domingo, 25 de março de 2012

2012, o ano em que fomos a fundo... no estudo do Planeta!

Do you like this post?
Mais um momento emocionante para a ciência em 2012 - o ano em que "FOMOS FUNDO" estudando o planeta: após a perfuração final de mais de 4km de gelo antártico atingir o Lago Vostok em 5 de fevereiro último*, agora foi a vez do retorno à Depressão Challenger - "desafiadora", de fato - após 52 anos da última tentativa em batiscafo tripulado. Esse é o ponto mais baixo da superfície terrestre, dentro da Fossa das Marianas, um canhão submarino 120 vezes mais largo que o Grand Canyon e sentado entre duas placas tectônicas. Está perto das Ilhas Marianas, a 306 km de Guam, no meio do Oceano Pacífico.

Hoje, domingo, dia 25 de março de 2012, um cineasta riquíssimo colocou seu dinheiro para um bom uso!

(imagem acima: Don Walsh e Jacques Piccard a 10.911 m de profundidade na frustrada descida anterior, ocorrida em 1960)

After years of planning and developing a sub that could make his dream a reality, James Cameron today finally touched down at the ocean’s deepest point – 35,756 feet in the belly of the Mariana Trench.
Cameron became the first solo diver ever to reach such a depth; joining only two other men who performed the same feat back in 1960. A number of differences exist however between now and then – the most obvious being that the director is armed to the teeth with high-definition cameras, robotic instruments and other gizmos numbering 180 working systems.
The other being Twitter. A few minutes after he made the record dive, Cameron tweeted: “Just arrived at the ocean’s deepest pt. Hitting bottom never felt so good. Can’t wait to share what I’m seeing w/ you.”
That last part is particularly important – since the crew of the Trieste 50 years ago stirred up so much silt upon their arrival that photos just weren’t possible. Cameron’s images and videos will shed new light on a place few have ever seen before. He’ll also spend more than six hours on the bottom conducting experiments, exploring the surrounding area, and looking for life. The Trieste had less than 20 minutes.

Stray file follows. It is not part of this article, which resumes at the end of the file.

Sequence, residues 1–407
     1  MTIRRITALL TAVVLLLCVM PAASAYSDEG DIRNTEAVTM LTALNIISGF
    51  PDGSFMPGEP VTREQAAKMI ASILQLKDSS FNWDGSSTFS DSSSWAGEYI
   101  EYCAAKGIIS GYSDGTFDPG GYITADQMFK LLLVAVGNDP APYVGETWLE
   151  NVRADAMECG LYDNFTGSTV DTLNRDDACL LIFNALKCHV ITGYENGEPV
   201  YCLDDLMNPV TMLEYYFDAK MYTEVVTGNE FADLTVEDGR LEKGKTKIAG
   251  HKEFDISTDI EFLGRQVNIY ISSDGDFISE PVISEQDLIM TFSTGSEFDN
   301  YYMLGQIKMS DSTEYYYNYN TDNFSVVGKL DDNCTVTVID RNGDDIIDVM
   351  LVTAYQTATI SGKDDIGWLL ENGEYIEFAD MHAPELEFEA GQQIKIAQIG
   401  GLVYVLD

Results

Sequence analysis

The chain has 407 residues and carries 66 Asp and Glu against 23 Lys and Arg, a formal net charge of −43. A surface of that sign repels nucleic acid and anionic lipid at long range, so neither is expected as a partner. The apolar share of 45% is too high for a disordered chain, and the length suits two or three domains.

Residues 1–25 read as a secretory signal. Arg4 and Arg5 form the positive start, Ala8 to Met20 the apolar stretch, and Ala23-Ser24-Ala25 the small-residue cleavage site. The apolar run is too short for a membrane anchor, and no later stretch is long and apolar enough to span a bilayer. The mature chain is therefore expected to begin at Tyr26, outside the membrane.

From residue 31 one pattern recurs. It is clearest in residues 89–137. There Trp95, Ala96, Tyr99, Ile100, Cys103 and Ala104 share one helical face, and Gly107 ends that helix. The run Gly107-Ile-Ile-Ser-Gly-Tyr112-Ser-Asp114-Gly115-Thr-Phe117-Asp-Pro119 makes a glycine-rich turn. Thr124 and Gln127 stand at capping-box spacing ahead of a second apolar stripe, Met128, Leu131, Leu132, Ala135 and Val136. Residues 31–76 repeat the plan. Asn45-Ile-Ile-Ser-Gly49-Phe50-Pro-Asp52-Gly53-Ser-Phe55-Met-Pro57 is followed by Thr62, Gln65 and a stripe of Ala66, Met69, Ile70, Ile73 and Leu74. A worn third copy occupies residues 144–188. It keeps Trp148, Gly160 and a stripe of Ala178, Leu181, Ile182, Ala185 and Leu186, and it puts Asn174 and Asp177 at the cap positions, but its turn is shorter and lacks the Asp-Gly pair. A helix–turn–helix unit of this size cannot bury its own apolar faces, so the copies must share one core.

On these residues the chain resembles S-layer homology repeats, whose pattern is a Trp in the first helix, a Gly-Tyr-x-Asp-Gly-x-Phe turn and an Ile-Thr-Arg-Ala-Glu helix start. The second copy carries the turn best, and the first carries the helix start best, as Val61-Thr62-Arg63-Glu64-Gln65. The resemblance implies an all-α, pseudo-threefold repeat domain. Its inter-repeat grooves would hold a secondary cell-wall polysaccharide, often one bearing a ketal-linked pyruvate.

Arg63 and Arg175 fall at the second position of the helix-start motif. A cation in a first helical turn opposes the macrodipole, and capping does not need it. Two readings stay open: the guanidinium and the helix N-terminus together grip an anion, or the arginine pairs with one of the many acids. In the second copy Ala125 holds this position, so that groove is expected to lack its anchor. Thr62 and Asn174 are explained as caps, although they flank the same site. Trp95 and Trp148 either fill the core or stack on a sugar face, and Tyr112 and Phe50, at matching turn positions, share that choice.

From National Geographic:
Upon touchdown at Challenger Deep, Cameron’s first target is a phone booth-like unmanned “lander” dropped into the trench hours before his dive.
Using sonar, “I’m going to attempt to rendezvous with that vehicle so I can observe animals that are attracted to the chemical signature of its bait,” Cameron told National Geographic News before the dive.
He’ll later follow a route designed to take him through as many environments as possible, surveying not only the sediment-covered seafloor but also cliffs of interest to expedition geologists.
As a further reminder of how extreme conditions at the bottom of the trench are, Microsoft co-founder Paul Allen (who has been in touch with the dive team) recently tweeted: ”Pressure at bottom is 16,285 Pounds per square inch at that depth. Design pressure was 16,500 …Yikes/Amazing!”
Leave it to Cameron and his team to nail this dive. Well done everyone – and congrats!
Visit the DeepSea Challenge website here – and follow along the action on Twitter and Facebook. Images as we get ‘em!
Saiba mais:
(*) Sobre a perfuração que atingiu o Lago Vostok na Antártida: (foto equipe) (documentário legal)

Nenhum comentário: